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Most Americans don’t realize that when a credit union with federal insurance is liquidated due to insolvency, NCUA's Asset Management and Assistance Center (AMAC) is responsible for paying the share accounts to the members says Edward Palonek, founder of Foundmoney.com, a company that helps reunite people with their lost or forgotten money and was the first company on the Internet to do so.
According to Palonek, it is very likely that, some accounts remain unclaimed, since there will be checks that were never cashed or these credit union's address information was incomplete.
The good news is that on July 21, 2010, President Barack Obama signed into law the Dodd-Frank Wall Street Reform and Consumer Protection Act that now makes deposits in credit unions insured up to $250,000 maximum permanent, which brings it to the level as regular banks. The original amount was only $100,000.
Federally insured credit union member accounts are now insured to at least $250,000 by the National Credit Union Share Insurance Fund, a federal insurance fund backed by the full faith and credit of the U.S. Government.
The NCUSIF insures member savings in federally insured credit unions, which account for approximately 98 percent of all credit unions. All federal credit unions and the vast majority of state-chartered credit unions are covered by NCUSIF insurance protection. The federally insured credit unions are required to indicate their insured status in their advertising and to display the official NCUSIF insurance sign in the offices.
What is important to realize however, is that if a credit union is liquidated, this insurance expires if a members account remains unclaimed for 18 months. After 18 months the share account balances are paid based on liquidation and other recoveries.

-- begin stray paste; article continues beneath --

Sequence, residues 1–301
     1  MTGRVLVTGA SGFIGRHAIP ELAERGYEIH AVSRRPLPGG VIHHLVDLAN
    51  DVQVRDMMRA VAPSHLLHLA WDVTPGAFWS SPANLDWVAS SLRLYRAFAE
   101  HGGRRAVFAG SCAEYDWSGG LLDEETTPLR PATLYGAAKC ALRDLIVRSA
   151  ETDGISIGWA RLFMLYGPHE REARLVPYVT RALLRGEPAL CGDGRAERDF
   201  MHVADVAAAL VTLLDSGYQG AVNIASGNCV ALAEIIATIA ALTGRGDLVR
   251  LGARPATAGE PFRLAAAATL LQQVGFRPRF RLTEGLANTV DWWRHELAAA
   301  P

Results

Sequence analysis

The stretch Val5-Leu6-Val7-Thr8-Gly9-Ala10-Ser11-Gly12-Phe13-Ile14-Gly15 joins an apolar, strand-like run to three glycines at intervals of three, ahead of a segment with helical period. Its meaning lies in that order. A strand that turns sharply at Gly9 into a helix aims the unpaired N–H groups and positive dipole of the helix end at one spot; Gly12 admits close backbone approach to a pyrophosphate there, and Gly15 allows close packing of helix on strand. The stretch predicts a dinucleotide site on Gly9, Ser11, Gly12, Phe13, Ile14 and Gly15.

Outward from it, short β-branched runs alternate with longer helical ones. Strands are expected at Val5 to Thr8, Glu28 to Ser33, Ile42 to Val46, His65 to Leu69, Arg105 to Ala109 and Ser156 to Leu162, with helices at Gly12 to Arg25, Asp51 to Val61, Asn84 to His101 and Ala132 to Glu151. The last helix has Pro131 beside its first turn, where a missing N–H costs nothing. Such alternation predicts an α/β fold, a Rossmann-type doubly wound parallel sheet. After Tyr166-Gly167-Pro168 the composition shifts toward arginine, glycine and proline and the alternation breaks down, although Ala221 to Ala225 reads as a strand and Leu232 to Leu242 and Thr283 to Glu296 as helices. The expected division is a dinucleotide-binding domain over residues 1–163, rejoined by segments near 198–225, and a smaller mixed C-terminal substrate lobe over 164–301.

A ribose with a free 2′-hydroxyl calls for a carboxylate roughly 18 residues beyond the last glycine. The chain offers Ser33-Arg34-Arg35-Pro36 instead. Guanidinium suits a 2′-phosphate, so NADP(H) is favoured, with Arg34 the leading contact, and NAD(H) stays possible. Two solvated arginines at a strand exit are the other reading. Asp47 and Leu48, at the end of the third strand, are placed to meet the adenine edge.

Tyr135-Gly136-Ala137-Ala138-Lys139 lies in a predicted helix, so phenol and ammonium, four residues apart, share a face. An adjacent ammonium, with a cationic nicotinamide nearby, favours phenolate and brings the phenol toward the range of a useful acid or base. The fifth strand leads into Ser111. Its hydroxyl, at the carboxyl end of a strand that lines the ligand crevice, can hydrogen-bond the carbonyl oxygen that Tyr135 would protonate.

There are times that the liquidation of a credit union may result in surplus funds and if this is the case a distribution to the shareholders is required. This may occur several years after the credit union is liquidated and it is sometimes difficult to locate these members to give this excess funds to.
The remaining funds however, are generally held by NCUA and are available as long as the records of the credit union remain available or until the charter or insurance certificate is canceled.
According to Edward Plaonek, “In some cases funds may be transferred to a state where it is officially classified as unclaimed property, but the rightful owner can still make a claim for these unclaimed assets."
Many folks could use some extra cash right now to start to pay down their credit cards or overdraft limits on their bank accounts. A quick and easy way is to simply do an online web search at www.foundmoney.com. There you can see if you, a loved one, friend or neighbor has some unclaimed money just sitting there waiting for its rightful owner to make a claim for this cash.
“Wouldn’t it be wonderful if you found a few thousands or just a just a few extra dollars right”, says Palonek
Search for your money today, it is easy just visit foundmoney.com